OMAHA — Florida (50-17) will receive an added boost when it faces off against perennial powerhouse Texas (49-17) Saturday at 7 p.m. on the opening day of the 2011 College World Series.
Injured stars Brian Johnson and Austin Maddox are set to return to UF's lineup and rotation this weekend.
After sitting out more than three weeks, Johnson was medically cleared Tuesday for all team activities. The southpaw is fully recovered from the mild concussion he suffered at the Southeastern Conference Tournament.
Austin Maddox, Florida's pseudo closer and first baseman, isn't yet completely healthy, but the hard-throwing right-hander pitched a bullpen session Wednesday and showed no ill affects of his sprained foot.
Maddox hasn't played since the opening game of the Gainesville Regional against Manhattan when the sophomore sprained his foot scaling a wall in foul territory.
Maddox's foot was in a hard-cast and he was walking with crutches as late as Tuesday, leading to speculation that his foot was also broken. But O'Sullivan said the cast was for preemptive measures and said that Maddox will definitely pitch Saturday night.
"Brian's going to be full go for this tournament," O'Sullivan said. "Maddox is certainly going to be a guy that we're going to use on the mound [Saturday]. But hitting wise, I'm not quite sure yet."
The six-time national champion Longhorns and the top-ranked Gators will debut the new TD Ameritrade Park in primetime on ESPN in a rematch of the 2005 CWS championship when the Longhorns swept the Gators to take the title.
"Our players know what Texas is all about. They know the history and the pride," UF coach Kevin O'Sullivan said. "Our players are fully aware of how talented Texas is."
Sophomore right-hander Hudson Randall (10-3, 2.29 ERA), who has anchored UF's staff all season, will oppose Longhorns ace Taylor Jungmann (13-1, 1.38 ERA), the 12th overall pick by the Milwaukee Brewers in last week's Major League Baseball Draft.
Both teams possess veteran squads with talented staffs and top-flight defense, but noticeable differences in offensive philosophy create an intriguing matchup.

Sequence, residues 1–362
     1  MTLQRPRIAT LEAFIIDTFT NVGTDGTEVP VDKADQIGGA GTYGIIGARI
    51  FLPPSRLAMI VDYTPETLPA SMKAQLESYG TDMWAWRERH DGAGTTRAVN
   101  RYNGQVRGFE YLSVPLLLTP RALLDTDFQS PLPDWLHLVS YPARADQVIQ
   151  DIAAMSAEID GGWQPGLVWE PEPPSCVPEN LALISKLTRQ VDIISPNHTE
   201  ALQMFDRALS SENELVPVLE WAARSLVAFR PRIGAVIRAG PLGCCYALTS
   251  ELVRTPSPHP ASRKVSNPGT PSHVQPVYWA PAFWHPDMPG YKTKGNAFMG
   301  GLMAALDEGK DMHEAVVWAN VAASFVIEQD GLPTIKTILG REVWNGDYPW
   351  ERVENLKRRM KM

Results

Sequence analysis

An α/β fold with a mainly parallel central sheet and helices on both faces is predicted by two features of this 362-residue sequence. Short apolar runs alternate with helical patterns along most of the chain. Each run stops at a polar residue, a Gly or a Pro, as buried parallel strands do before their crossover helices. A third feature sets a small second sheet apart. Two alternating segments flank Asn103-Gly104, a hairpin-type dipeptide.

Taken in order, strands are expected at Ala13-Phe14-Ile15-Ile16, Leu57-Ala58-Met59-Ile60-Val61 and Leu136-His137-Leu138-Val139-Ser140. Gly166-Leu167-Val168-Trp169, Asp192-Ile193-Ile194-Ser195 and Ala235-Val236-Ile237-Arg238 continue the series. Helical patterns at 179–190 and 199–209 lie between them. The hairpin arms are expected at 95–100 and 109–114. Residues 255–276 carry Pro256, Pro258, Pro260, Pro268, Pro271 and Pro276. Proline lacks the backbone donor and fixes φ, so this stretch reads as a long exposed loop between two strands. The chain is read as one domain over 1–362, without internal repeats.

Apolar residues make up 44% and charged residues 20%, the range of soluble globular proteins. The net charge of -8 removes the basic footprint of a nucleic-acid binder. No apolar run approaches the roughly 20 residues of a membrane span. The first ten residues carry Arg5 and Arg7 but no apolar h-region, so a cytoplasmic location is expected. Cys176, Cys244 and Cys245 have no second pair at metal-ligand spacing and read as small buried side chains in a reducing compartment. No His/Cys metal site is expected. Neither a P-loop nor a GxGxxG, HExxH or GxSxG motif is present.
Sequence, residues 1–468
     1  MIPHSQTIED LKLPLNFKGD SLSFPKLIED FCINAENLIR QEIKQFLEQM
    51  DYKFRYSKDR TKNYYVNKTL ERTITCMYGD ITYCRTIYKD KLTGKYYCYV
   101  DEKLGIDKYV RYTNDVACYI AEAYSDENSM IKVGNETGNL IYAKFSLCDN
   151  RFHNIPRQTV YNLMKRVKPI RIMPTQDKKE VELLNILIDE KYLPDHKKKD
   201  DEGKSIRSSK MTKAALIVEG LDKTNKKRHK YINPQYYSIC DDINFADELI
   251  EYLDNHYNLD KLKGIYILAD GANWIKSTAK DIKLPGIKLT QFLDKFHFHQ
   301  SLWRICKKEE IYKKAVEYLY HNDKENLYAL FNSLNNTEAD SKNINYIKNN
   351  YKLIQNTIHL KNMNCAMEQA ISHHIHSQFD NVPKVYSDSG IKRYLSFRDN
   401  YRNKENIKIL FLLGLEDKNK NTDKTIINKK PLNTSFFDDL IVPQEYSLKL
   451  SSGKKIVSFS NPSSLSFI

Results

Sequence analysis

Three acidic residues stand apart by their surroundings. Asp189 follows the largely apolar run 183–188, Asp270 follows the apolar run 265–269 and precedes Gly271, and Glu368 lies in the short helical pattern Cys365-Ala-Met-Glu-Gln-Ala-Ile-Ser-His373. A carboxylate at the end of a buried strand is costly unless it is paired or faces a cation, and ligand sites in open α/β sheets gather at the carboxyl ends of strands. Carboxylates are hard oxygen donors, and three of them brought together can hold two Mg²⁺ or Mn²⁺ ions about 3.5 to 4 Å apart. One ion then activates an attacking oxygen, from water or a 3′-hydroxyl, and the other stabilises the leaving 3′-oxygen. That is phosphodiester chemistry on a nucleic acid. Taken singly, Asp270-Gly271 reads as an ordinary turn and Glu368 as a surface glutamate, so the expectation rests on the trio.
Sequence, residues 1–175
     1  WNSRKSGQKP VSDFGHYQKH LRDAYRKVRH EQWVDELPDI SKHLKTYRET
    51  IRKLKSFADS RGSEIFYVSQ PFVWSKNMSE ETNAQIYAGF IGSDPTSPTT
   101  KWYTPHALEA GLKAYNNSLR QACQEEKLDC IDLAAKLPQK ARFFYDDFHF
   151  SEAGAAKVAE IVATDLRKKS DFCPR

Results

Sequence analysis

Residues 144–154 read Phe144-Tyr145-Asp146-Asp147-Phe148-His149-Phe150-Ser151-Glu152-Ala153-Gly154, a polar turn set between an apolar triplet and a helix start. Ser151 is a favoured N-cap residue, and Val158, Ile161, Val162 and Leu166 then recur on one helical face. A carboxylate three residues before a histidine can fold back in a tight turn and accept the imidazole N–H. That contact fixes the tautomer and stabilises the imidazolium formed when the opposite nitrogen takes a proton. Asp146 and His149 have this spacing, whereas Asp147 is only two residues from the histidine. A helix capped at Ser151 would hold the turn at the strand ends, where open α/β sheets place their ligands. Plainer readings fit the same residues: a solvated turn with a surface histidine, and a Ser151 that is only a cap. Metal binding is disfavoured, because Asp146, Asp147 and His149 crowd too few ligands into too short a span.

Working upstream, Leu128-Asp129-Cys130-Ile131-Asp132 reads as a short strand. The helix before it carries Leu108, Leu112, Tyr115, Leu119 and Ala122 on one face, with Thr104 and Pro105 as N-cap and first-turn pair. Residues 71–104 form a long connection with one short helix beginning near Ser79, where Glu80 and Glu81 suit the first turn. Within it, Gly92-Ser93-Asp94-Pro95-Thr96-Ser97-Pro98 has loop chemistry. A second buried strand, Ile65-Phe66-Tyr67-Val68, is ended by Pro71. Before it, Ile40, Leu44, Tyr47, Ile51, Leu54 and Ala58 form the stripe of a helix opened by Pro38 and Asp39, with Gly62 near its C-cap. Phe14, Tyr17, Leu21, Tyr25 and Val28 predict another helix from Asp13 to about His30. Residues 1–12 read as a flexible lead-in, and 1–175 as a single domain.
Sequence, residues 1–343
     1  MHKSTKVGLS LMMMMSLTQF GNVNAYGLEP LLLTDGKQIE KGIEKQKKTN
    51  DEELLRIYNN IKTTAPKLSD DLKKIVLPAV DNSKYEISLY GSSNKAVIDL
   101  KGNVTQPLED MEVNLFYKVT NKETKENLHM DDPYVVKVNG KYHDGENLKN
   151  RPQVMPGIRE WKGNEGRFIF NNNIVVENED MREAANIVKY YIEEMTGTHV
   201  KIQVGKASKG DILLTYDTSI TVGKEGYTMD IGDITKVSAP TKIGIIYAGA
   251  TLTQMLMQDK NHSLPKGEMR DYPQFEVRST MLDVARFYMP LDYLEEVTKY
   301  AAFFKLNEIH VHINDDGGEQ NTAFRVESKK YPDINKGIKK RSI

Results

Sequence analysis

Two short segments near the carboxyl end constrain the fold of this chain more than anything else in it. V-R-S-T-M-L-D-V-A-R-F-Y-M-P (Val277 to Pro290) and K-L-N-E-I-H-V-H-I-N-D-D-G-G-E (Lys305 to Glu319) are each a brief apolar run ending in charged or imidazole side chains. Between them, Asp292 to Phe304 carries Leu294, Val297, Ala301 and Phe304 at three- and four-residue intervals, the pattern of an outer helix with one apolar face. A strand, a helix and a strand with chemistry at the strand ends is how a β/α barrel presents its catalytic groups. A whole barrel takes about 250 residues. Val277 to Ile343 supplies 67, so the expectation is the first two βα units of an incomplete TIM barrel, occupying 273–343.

The Gators feature a deep, effective bullpen, while Texas sports the nation's second lowest team ERA (2.27) and one of the preeminent closers in the country in All-American Corey Knobel (19 saves, 1.15 ERA).
"You know they're going to pitch and play defense," O'Sullivan said about Texas. "They're similar to our pitching staff, if not better, to be honest with you."
But the Longhorns have nowhere near the offensive prowess of the Gators.
Florida plated 11 or more runs three times this postseason, while Texas has yet to score in double figures. The Gators are fifth in the country in homers, and SEC Player of the Year Mike Zunino has knocked more round-trippers (18) than Texas' entire squad (17).
"They hit balls hard," Texas coach Auggie Garrido said. "They hit them far, and they hit them often, and that is surprising for me."
The Longhorns play a completely different style of baseball, depending on walks, slap hits and a small-ball approach. Garrido's team leads the nation in sacrifice bunts and has the lowest batting average (.279) of all eight teams in Omaha.
Gators slugger Preston Tucker said the key for Florida is to avoid letting Texas get the leadoff man on base. The right fielder said if they limit that production the Longhorns would struggle to score runs.
But the new stadium could also play a pivotal role in Florida's stay at the CWS, as the dimensions are very similar to Regions Park at the SEC Tournament.
Although the Gators won the tournament in Hoover, Ala., they knocked only two homers and were forced to amend their usual power identity.
"We bunted a little bit more. We hit-and-run a little bit more," O'Sullivan said. "We had to manufacture some runs."